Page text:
Thursday, 18 October 2012

Capital I, Chapter 14 - Part 4

4) Division of Labour in Manufacture and Division of Labour in Society

The social division of labour is the foundation of all commodity production.

If we keep labour alone in view, we may designate the separation of social production into its main divisions or genera — viz., agriculture, industries, &c., as division of labour in general, and the splitting up of these families into species and sub-species, as division of labour in particular, and the division of labour within the workshop as division of labour in singular or in detail.” (p 331-2)

The division of labour arises in primitive societies because within the tribe or clan, and later, when the family arises within the tribe, within the family too, different individuals have different abilities based on physiological differences. But, similarly, different communities, in different environments, develop different means of production and subsistence so that when these tribes and clans meet, they have different products, which they can exchange.

Exchange does not create the differences between the spheres of production, but brings what are already different into relation, and thus converts them into more or less inter-dependent branches of the collective production of an enlarged society. In the latter case, the social division of labour arises from the exchange between spheres of production, that are originally distinct and independent of one another. In the former, where the physiological division of labour is the starting-point, the particular organs of a compact whole grow loose, and break off, principally owing to the exchange of commodities with foreign communities, and then isolate themselves so far, that the sole bond, still connecting the various kinds of work, is the exchange of the products as commodities. In the one case, it is the making dependent what was before independent; in the other case, the making independent what was before dependent.” (p 332-3)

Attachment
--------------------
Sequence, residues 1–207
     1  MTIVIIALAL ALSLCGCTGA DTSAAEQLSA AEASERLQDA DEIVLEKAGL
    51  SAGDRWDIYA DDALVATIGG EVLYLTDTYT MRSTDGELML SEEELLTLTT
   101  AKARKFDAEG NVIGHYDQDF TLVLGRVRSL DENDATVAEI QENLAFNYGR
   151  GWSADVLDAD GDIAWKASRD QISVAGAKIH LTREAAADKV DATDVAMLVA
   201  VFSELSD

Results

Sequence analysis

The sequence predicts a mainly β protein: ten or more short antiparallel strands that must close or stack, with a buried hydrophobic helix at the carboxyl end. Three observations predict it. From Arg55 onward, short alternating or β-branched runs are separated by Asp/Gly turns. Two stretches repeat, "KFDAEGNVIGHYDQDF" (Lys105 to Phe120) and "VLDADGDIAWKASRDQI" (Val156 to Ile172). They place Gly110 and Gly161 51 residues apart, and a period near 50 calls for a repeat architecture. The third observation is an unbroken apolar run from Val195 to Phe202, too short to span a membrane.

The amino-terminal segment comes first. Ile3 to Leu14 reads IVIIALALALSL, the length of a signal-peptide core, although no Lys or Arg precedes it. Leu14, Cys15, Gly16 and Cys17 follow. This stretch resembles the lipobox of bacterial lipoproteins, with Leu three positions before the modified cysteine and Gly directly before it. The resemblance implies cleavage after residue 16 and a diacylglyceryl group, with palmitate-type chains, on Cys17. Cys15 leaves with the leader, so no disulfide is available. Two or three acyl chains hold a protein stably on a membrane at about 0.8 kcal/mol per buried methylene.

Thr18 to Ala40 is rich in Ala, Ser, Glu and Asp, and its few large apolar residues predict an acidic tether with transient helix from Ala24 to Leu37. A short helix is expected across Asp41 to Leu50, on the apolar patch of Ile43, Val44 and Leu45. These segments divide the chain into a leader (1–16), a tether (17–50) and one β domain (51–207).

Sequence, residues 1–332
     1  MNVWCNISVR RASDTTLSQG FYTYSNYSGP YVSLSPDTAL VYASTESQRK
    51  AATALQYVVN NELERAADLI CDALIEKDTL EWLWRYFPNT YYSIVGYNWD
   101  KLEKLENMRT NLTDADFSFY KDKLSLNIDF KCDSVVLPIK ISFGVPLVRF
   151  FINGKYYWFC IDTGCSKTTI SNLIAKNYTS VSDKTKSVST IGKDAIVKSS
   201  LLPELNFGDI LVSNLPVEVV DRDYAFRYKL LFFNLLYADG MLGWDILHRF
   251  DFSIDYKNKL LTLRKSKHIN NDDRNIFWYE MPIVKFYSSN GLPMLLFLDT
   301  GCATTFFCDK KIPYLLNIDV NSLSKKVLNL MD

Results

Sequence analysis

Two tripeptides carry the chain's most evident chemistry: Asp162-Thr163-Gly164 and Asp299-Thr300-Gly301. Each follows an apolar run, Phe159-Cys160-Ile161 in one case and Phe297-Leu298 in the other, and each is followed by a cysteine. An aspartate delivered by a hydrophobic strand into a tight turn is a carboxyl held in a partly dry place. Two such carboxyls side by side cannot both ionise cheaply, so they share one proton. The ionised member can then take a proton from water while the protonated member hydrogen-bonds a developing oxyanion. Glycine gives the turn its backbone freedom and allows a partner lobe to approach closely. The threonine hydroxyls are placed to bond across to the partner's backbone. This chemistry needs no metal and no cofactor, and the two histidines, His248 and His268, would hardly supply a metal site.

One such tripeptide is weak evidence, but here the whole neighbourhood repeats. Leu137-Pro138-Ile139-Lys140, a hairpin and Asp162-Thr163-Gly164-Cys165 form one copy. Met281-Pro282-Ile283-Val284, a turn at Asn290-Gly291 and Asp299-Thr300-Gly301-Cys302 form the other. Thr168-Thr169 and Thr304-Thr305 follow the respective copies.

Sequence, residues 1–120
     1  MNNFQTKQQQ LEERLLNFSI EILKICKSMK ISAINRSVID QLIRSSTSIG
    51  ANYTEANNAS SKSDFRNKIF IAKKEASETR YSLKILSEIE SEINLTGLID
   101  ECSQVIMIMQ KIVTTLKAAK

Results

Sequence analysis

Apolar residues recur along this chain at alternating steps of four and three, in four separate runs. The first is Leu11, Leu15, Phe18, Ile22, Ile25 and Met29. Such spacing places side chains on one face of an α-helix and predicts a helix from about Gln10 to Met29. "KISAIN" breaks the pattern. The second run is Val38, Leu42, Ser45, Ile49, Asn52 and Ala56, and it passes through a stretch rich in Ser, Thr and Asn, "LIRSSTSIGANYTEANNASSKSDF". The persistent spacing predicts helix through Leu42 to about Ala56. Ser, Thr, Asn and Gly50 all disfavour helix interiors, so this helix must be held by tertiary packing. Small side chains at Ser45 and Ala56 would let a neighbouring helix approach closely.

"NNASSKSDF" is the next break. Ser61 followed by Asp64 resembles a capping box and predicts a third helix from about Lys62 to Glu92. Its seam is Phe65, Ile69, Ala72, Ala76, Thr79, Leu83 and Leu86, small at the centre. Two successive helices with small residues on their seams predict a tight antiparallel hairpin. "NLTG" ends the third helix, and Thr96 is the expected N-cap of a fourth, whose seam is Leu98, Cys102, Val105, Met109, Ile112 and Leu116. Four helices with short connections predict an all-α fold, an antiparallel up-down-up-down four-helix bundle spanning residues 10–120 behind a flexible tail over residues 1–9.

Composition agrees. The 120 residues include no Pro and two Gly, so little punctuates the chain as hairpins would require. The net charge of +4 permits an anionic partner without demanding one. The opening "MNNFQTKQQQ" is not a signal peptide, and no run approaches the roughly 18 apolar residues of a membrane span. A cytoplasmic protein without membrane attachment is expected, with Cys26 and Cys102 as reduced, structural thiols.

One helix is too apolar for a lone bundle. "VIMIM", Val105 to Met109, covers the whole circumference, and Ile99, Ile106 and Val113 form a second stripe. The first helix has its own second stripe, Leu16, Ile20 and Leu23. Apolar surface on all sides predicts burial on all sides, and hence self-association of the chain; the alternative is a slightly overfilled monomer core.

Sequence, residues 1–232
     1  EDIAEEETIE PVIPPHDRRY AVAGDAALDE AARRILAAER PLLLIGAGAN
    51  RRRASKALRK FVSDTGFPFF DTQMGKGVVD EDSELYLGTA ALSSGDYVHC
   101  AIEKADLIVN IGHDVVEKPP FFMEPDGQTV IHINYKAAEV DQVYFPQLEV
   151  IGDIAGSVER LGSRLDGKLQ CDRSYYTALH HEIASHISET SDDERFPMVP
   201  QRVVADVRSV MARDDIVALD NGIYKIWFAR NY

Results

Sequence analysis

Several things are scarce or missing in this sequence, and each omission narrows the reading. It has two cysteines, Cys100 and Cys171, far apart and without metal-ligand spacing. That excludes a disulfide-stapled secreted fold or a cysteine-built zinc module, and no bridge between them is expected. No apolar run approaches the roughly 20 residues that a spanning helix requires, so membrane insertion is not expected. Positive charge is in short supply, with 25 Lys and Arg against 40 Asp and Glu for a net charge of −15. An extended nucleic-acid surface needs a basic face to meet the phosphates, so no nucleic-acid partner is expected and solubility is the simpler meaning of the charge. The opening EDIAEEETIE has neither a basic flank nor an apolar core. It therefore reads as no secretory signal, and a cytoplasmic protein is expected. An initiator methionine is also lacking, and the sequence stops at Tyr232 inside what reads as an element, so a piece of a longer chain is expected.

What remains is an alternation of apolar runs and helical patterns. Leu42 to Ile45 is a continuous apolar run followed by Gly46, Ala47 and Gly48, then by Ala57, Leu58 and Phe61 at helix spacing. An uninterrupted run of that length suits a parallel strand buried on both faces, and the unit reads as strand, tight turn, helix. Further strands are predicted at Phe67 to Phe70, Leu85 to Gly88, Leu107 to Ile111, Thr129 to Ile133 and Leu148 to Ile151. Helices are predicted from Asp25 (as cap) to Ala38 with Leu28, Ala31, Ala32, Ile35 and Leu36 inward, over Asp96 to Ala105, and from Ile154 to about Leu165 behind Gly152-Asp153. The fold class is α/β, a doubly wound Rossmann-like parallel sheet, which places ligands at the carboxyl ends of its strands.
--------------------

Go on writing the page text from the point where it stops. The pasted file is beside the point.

The basis of a developed social division of labour is the separation of town and country. The social division of labour can only proceed on the basis of a certain minimum level and density of population. There must be enough people to provide a market for specific goods that makes it worthwhile developing production of them as a separate activity.

Just as a certain number of simultaneously employed labourers are the material pre-requisites for division of labour in manufacture, so are the number and density of the population, which here correspond to the agglomeration in one workshop, a necessary condition for the division of labour in society. Nevertheless, this density is more or less relative. A relatively thinly populated country, with well-developed means of communication, has a denser population than a more numerously populated country, with badly-developed means of communication; and in this sense the Northern States of the American Union, for instance, are more thickly populated than India.” (p 333)

A dialectical interaction exists between the division of labour in manufacture and in society.

Since the production and the circulation of commodities are the general pre-requisites of the capitalist mode of production, division of labour in manufacture demands, that division of labour in society at large should previously have attained a certain degree of development. Inversely, the former division reacts upon and develops and multiplies the latter. Simultaneously, with the differentiation of the instruments of labour, the industries that produce these instruments, become more and more differentiated. If the manufacturing system seize upon an industry, which, previously, was carried on in connexion with others, either as a chief or as a subordinate industry, and by one producer, these industries immediately separate their connexion, and become independent. If it seize upon a particular stage in the production of a commodity, the other stages of its production become converted into so many independent industries.2 (p 333-4)

Where manufacture consists of a number of separate parts that are assembled, this can lead to the production of the parts themselves by other outside producers, including handicraft producers. Something similar to this was identified in the 1980's and 90's by theorists of flexible specialisation, in regard to “The Third Italy”. But, from the 1980's onwards, there was a move by many large companies to focus on their core activity, and to delegate production, and provision of services, for non-core activities to external suppliers.